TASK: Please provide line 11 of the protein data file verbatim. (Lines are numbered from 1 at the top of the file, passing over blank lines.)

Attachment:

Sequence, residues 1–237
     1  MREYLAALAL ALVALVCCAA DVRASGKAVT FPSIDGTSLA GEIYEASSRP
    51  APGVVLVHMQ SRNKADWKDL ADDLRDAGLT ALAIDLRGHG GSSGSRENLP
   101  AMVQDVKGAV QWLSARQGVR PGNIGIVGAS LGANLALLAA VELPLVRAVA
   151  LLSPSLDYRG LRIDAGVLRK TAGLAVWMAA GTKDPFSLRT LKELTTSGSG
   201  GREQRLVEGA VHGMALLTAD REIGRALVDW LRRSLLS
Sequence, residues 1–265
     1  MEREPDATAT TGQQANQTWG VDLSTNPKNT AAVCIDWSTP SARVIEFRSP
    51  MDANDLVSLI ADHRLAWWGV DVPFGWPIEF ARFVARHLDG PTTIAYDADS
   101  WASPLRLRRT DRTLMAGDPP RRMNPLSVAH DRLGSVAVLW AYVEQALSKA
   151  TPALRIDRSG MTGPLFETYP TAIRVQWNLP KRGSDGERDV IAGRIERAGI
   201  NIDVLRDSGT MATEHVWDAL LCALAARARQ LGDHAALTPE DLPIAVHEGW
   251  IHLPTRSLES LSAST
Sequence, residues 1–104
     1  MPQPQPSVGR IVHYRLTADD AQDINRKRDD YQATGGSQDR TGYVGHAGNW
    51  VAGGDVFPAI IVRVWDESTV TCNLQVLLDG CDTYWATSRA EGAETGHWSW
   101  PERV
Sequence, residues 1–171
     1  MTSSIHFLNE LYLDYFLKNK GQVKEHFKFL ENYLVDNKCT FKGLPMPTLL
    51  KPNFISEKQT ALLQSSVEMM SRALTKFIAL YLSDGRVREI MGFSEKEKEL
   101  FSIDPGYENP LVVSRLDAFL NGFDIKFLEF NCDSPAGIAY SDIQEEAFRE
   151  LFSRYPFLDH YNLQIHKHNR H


   151  TPALRIDRSG MTGPLFETYP TAIRVQWNLP KRGSDGERDV IAGRIERAGI